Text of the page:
E.D. Tenn. Bankruptcy Court Notes and Weighs in on Split of Authority Re Timing of Bankruptcy Code's Credit Counselling Requirement

Per In re Moore, --- B.R. ----, 2006 WL 3692640 (Bkrtcy.E.D.Tenn. Dec. 14, 2006):

In Mr. Moore's bankruptcy case, the chapter 13 trustee Gwendolyn M. Kerney filed a motion to dismiss on August 23, 2006, and a brief in support thereof on October 2, 2006, asserting that Mr. Moore is ineligible to be a debtor under 11 U.S.C. § 109(h)(1) because he received his credit counseling briefing on the same day that he filed for bankruptcy relief. In Ms. Seabolt's case, the United States trustee filed a similar motion to dismiss on September 8, 2006, and subsequently filed a statement adopting and incorporating the brief filed by Ms. Kerney in Mr. Moore's case. The position of both the chapter 13 trustee and the United States trustee is that 11 U.S.C. § 109(h)(1) requires an individual to obtain credit counseling on any day within 180 days prior to, but not including, the day upon which the bankruptcy petition is filed and that because the debtors herein obtained their briefings on the same day as their bankruptcy filings, albeit prior to the filings, their cases must be dismissed.

Resolution of the motions to dismiss turns on the interpretation of 11 U.S.C. § 109(h)(1), which was enacted by the Bankruptcy Abuse Prevention and Consumer Protection Act of 2005 ("BAPCPA"), Pub.L. No. 109-8, § 106, 119 Stat. 23, 37. This provision states in part:

[A]n individual may not be a debtor under this title unless such individual has, during the 180-day period preceding the date of filing of the petition by such individual, received from an approved nonprofit budget and credit counseling agency described in section 111(a) an individual or group briefing (including a briefing conducted by telephone or on the Internet) that outlined the opportunities for available credit counseling and assisted such individual in performing a related budget analysis.

Not surprisingly, there is already a split of authority on the issue at hand. The trustees urge this court to adopt the decision by Bankruptcy Judge Richard Stair Jr. of this district, In re Cole, 347 B.R. 70 (Bankr.E.D.Tenn.2006), along with those of the court in In re Murphy, 342 B.R. 671 (Bankr.D.D.C.2006), and In re Mills, 341 B.R. 106 (Bankr.D.D.C.2006), both authored by the same judge. The debtors' position, on the other hand, rests upon the holdings of In re Warren, 339 B.R. 475 (Bankr.E.D.Ark.2006); In re Hudson, ___ B.R. ___, 2006 WL 2689699 (Bankr.D.Md. Sept. 16, 2006); In re Spears, B.R. ___, 2006 WL 3017364 (Bankr.E.D. Wis. June 19, 2006), and In re Toccaline, No. 06-20218, 2006 WL 2081517 (Bankr.D.Conn. July 17, 2006).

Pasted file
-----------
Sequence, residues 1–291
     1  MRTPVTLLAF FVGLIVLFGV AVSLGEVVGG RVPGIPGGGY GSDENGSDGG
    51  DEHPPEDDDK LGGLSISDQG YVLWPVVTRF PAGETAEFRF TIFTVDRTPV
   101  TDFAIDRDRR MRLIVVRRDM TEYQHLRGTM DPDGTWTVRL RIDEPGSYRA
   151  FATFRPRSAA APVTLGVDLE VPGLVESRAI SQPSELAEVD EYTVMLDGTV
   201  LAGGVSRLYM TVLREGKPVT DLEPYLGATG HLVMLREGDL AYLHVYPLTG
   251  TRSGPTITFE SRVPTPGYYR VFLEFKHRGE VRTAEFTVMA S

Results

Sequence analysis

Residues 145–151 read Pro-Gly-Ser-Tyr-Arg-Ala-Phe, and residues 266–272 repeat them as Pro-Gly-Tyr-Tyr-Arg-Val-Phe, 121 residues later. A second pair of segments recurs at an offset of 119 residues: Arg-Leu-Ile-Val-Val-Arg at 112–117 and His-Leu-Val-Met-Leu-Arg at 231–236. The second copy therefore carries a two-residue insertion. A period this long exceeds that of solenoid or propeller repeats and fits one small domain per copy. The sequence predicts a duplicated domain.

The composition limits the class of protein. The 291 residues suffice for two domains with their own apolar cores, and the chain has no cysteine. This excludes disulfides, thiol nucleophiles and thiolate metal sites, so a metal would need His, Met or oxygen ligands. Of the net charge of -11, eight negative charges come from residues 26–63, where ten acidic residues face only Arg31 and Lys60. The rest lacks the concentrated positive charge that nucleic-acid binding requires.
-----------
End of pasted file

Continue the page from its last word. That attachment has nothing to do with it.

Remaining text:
. . .

After careful consideration, this court finds itself in agreement with Hudson, Warren and Spears and respectfully disagrees with Cole, Murphy and Mills. . . .

[T]he "180-day" phrase must be read in context with the clause that proceeds it: "an individual may not be a debtor under this title unless such individual has, during the 180-day ...." This language is instructive because it reminds us that this is an eligibility provision, just like other eligibility requirements in § 109 of the Bankruptcy Code, defining who is eligible for bankruptcy relief. Eligibility is determined as of the filing of the petition. See, e.g., In re Global Ocean Carriers Ltd, 251 B.R. 31, 37 (Bankr.D.Del.2000) ("The test for eligibility is as of the date the bankruptcy petition is filed."). . . .

Thus, considered in its context of § 109's eligibility requirements, the more likely plain meaning of "date" as used in § 109(h)(1) appears to be the less common, but still often used definition, that of moment or specific time. . . . Similarly, the now infamous "hanging paragraph" at the end of 11 U.S.C. § 1325(a) refers to debts "incurred within the 910-day [period] preceding the date of the filing of the petition." . . .

Furthermore, although this court believes that the appropriate reading of § 109(h)(1) is ascertainable from both its language and context, the sparse legislative history to the provision also supports the determination that rather than mandating an artificial time frame period during which credit counseling must occur, Congress' focus in § 109(h)(1) was on imposing a new eligibility requirement which must be satisfied at the bankruptcy filing deadline.


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